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The risk of infection is not as high as you seem to think.
Keep a US citizen out of the country just because she was exposed to someone who was asymptomatic at the time? Very low risk, if any.
And I guess I don't see what benefit we derive from not treating these cases where they originate, or of quarantining people offshore if there was a risk of exposure. Maybe someone can enlighten me on that account.
Maybe you should review some of the ignorance and fear from 2014.
Cases are being treated in the DRC.
Because the ignorance and fear came to naught. As usual.
Allowing a US citizen to return home as opposed to be held in isolation in the DRC. Making a statement that aid workers will not be penalized for traveling to help with outbreaks of disease overseas.
Its a simple question, there's a risk, what's gained by taking that risk?
You are concentrating on worst case scenarios based on fear and ignorance rather than facts.
Again, I'm saying that the serverity of the potential negative outcomes have to be weighed against the potential gains in decisions like this, not just the "odds" of a negative outcome.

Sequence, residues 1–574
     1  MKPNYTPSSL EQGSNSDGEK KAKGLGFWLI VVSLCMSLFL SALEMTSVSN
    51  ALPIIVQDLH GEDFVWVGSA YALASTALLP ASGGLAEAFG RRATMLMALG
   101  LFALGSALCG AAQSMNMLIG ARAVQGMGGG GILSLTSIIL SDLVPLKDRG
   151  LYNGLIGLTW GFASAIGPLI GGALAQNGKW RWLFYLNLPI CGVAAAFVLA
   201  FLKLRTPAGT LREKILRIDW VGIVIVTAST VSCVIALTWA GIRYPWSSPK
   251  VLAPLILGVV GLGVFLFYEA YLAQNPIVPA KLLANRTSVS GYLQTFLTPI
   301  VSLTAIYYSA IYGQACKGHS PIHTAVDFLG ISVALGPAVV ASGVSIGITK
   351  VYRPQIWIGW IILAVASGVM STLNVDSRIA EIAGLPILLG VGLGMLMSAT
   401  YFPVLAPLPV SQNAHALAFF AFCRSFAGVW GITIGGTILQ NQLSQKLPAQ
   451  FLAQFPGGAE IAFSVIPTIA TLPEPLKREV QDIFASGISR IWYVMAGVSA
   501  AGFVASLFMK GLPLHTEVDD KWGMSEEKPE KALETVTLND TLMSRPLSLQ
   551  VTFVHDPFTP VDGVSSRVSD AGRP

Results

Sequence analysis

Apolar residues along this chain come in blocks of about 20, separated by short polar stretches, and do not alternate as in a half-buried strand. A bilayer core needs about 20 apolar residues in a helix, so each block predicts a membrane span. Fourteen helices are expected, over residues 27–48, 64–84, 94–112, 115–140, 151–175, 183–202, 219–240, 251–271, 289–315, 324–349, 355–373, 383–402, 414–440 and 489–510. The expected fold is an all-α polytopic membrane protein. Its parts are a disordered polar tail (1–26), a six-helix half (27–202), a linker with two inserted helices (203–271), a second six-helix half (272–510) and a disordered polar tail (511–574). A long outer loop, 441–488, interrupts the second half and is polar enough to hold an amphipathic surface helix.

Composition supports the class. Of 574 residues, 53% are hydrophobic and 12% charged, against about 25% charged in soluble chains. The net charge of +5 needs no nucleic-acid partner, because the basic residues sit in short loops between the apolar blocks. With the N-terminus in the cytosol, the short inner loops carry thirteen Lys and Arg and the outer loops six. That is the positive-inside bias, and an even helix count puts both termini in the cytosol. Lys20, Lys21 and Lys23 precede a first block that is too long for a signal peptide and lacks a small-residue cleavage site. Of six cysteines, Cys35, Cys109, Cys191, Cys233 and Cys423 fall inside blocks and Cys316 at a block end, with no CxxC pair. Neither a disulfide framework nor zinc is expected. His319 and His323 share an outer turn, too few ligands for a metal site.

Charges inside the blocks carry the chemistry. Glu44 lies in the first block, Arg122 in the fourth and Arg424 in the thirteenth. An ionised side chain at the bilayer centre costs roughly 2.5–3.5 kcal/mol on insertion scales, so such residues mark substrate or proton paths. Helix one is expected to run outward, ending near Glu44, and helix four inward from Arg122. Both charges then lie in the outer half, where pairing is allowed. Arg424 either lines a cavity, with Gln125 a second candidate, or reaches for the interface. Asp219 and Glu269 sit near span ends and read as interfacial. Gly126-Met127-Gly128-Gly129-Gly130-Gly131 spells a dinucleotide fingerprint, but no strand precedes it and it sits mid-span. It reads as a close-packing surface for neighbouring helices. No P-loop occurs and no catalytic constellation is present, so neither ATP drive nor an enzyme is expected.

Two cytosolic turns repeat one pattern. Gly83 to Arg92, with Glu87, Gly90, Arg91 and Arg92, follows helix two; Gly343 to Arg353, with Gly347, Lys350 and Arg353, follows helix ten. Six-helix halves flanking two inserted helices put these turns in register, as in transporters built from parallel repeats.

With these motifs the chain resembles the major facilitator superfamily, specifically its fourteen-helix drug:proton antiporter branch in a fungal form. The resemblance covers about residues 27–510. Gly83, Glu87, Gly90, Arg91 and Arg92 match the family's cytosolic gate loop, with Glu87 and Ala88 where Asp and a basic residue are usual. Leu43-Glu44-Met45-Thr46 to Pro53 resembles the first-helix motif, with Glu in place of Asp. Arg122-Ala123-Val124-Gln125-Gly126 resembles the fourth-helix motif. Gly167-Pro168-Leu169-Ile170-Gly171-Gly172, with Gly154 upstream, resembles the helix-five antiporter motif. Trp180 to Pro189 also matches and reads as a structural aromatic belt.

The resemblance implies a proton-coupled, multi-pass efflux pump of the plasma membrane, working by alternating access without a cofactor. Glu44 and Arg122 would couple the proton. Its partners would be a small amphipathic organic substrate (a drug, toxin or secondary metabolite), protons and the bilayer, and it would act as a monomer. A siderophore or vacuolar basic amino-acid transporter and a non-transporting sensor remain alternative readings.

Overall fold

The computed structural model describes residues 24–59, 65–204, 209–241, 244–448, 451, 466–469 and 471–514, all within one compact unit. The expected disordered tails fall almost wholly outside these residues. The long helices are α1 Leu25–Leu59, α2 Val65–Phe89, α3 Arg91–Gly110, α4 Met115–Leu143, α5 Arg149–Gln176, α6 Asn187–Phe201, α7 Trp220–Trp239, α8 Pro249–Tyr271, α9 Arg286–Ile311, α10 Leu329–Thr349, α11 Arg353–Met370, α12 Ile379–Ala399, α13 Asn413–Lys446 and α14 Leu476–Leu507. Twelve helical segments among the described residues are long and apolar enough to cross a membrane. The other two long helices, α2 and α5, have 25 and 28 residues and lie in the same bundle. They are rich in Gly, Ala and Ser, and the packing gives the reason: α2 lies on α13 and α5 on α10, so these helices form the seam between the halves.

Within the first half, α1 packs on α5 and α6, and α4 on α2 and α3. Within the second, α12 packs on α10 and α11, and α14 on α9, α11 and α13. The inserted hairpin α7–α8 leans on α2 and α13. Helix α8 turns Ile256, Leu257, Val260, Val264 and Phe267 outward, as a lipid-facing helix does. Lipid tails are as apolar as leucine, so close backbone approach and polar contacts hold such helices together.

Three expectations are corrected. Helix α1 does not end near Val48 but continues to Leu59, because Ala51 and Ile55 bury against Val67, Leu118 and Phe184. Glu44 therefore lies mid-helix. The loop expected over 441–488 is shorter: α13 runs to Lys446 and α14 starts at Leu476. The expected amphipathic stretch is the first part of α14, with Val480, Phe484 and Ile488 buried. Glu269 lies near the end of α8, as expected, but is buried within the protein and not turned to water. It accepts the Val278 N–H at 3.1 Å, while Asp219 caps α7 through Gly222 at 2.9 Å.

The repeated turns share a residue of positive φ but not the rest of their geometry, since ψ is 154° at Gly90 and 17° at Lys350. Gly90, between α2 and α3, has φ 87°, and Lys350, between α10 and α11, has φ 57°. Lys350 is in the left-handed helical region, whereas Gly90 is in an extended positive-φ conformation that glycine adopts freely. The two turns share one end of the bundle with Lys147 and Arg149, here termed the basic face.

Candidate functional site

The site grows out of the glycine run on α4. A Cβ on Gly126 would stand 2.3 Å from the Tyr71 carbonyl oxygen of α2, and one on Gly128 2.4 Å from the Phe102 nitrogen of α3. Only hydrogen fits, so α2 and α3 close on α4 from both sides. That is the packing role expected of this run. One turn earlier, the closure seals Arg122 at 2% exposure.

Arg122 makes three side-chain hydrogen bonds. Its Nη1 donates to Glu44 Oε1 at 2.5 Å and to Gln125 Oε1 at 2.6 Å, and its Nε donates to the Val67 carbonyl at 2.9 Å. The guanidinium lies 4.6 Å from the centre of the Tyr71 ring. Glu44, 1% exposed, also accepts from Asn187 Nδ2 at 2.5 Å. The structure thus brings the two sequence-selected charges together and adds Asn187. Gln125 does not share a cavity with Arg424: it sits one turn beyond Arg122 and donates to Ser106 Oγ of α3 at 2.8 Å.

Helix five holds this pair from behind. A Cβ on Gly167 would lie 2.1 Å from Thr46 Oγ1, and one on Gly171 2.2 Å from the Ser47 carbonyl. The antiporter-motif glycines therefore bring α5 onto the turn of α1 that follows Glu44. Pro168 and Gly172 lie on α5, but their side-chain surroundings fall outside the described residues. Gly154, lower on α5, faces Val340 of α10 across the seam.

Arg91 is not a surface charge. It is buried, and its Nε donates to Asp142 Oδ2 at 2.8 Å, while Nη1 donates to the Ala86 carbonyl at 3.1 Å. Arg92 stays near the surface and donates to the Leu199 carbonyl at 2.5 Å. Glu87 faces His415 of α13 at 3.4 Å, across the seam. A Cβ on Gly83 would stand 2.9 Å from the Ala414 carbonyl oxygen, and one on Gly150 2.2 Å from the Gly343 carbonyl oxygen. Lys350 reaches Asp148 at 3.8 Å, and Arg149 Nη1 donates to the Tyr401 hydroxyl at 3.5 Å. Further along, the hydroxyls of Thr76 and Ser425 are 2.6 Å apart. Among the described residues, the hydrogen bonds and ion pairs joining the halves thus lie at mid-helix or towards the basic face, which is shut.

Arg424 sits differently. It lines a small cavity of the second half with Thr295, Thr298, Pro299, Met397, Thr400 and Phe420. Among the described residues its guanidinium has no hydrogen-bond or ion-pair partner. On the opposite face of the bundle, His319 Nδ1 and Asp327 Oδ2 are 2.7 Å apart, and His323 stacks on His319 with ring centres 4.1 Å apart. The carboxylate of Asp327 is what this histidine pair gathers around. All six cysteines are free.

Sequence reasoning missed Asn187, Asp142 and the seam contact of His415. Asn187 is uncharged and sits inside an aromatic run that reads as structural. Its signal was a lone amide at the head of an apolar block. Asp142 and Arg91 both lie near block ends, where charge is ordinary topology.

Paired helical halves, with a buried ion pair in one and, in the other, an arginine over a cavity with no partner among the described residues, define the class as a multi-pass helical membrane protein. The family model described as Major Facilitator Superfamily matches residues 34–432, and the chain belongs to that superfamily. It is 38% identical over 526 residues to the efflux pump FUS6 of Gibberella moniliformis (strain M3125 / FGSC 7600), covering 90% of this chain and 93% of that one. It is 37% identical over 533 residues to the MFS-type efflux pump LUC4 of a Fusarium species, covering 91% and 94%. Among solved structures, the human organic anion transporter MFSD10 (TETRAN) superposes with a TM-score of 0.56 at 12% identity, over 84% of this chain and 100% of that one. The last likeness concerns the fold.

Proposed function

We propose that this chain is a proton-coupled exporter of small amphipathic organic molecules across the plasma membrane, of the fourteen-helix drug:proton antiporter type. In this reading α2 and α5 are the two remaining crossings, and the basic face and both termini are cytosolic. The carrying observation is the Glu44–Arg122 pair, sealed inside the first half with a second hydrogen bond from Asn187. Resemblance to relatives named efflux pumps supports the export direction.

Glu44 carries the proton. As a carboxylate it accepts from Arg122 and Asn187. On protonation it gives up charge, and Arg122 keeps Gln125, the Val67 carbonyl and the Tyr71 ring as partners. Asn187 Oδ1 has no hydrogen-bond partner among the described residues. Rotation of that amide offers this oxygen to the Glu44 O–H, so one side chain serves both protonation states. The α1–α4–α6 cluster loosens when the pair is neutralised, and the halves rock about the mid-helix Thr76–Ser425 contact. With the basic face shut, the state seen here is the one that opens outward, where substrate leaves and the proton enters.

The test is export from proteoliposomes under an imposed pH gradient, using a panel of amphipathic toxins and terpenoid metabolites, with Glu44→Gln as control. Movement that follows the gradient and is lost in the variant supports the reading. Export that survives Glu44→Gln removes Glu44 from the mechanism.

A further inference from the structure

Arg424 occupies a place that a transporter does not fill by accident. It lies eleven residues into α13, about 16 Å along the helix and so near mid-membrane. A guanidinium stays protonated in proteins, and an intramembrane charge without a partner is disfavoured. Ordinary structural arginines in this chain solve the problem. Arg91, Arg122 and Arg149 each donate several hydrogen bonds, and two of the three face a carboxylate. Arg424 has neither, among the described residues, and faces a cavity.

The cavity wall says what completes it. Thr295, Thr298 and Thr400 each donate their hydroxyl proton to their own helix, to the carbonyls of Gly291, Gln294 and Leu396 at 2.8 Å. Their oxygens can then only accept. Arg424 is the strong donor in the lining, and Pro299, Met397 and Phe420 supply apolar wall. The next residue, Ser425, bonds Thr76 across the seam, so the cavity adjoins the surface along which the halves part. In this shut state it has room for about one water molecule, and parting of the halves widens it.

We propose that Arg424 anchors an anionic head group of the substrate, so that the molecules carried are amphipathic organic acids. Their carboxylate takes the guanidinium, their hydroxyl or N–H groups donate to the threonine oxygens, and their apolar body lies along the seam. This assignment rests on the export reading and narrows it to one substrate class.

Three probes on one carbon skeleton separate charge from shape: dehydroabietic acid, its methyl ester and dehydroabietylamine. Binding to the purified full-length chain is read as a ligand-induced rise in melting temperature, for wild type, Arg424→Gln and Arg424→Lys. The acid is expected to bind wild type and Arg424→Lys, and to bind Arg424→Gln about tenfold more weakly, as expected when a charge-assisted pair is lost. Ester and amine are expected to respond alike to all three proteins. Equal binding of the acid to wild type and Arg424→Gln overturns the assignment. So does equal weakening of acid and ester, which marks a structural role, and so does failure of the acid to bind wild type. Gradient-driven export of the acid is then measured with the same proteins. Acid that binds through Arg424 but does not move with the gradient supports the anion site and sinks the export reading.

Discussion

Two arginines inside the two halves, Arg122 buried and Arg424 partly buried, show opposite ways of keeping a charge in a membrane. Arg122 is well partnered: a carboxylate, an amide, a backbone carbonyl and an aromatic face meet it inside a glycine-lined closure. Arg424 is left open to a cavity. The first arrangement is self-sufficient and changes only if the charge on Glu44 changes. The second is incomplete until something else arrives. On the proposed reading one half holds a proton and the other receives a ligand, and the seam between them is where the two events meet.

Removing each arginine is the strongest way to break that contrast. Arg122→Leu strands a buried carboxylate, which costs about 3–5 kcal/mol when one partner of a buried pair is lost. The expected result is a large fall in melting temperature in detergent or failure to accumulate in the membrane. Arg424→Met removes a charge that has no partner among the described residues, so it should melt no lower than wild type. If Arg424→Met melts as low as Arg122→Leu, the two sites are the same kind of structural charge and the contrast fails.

You are concentrating on worst case scenarios rather than reality.
Allowing a US citizen to return home as opposed to be held in isolation in the DRC. Making a statement that aid workers will not be penalized for traveling to help with outbreaks overseas.
Nope. Just considering what is known about the transmission of the disease and history. Facts, not blind fear.
Seems to me that you're concentrating on best case scenarios rather than reality.
Hardly. The less that is done to contain an outbreak at its source the more dangerous it becomes. Reducing incentive to help, doesn't help.
All trivial when compared to the potential negative outcomes.